Our 100th anniversary symposium: how to fix health care through innovation
The capstone of our centennial year was a national symposium on how to fix health care through innovation. The two-day event was held in October and drew 41 distinguished speakers from around the globe, including chairman and CEO of General Electric, Jeffrey Immelt, as well as thought leaders from Mayo Clinic, Johns Hopkins and Dartmouth to name a few. More than 500 people from the community attended the event, including business and community leaders, health-care providers, health advocates and educators.
We concluded the symposium with 12 specific action items that individual communities could implement to improve health care at the local level. A few of those action items are summarized below and were part of an opinion piece I wrote for the Seattle Times this fall. I thought I’d share those findings with you in this letter as well.
Here are some of the main ideas that emerged from the symposium:
- Collaborate across a Community:
All health-care is local. Reform can’t happen in a silo, it must happen as a collaborative effort, community-by-community. Every town has its unique challenges and opportunities. The health of a population is affected by many different factors. For example, do people in the community have access to grocery stores with fresh produce? If they don’t have a car, can they walk to the store safely or take the bus? Without easy access to fresh produce, their only choices may be fast food or processed foods from convenience stores, which are not healthy options. So the solution must unite all the stakeholders in the community from health-care providers and elected officials to schools and businesses.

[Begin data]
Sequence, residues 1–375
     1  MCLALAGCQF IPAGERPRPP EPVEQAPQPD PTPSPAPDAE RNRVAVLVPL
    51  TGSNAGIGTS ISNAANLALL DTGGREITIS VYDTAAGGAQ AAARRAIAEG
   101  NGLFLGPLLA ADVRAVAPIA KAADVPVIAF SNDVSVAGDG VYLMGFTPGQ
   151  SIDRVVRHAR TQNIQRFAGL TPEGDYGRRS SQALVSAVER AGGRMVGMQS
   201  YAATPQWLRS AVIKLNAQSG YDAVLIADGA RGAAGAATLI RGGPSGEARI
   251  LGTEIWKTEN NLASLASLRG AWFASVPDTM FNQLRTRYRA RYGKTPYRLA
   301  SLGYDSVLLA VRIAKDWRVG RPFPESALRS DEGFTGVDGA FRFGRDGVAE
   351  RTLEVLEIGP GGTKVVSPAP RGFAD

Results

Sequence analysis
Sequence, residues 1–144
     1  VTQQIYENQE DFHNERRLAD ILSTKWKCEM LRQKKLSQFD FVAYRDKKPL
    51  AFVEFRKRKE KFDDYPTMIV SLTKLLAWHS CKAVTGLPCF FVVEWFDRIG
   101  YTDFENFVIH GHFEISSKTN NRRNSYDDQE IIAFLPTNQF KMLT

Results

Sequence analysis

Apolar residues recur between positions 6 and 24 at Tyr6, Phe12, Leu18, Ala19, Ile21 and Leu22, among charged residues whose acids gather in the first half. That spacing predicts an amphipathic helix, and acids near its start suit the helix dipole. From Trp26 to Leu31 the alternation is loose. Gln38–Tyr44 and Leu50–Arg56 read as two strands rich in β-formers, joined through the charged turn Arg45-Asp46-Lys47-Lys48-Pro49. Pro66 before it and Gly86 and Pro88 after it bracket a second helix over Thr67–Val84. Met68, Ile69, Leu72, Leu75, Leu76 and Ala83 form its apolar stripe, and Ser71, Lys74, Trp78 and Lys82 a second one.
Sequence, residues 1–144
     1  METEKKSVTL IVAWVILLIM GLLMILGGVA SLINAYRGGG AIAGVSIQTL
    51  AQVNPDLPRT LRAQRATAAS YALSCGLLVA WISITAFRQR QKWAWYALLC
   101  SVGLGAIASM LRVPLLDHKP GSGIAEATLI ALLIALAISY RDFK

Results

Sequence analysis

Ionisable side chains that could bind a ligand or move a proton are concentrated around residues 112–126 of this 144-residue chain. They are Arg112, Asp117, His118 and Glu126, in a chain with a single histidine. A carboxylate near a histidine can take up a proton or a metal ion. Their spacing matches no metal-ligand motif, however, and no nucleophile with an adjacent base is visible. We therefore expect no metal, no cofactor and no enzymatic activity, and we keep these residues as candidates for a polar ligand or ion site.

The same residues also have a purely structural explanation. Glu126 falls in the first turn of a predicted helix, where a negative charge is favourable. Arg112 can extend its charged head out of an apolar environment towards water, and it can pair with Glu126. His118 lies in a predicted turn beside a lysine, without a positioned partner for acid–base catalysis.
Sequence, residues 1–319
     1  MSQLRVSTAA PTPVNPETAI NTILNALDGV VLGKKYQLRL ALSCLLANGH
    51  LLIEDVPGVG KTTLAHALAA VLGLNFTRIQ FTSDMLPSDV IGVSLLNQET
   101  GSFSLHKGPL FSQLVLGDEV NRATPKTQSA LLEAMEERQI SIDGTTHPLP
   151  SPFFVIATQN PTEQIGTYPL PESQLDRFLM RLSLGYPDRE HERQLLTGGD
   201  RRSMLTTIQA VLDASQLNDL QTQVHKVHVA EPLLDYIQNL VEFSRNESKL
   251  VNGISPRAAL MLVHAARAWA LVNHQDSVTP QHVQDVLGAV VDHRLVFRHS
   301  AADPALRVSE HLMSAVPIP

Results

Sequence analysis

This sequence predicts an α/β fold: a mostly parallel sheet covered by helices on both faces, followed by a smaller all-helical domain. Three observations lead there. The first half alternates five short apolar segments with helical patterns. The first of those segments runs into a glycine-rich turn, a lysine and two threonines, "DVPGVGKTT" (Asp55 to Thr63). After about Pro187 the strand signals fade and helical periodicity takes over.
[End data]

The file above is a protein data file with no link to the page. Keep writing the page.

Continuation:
- It’s not only about the hospital:
It used to be that the hospital was the center of the health-care system, but health-care is changing. Although hospitals will continue to be needed for acute care, the hospital-centric model is not the model for the future. The rise of community clinics and care closer to home, as well as increased use of technology to truly bring medicine into the home will all be increasingly important in the coming years.
- Focus on Wellness, Prevention & Chronic Disease Management: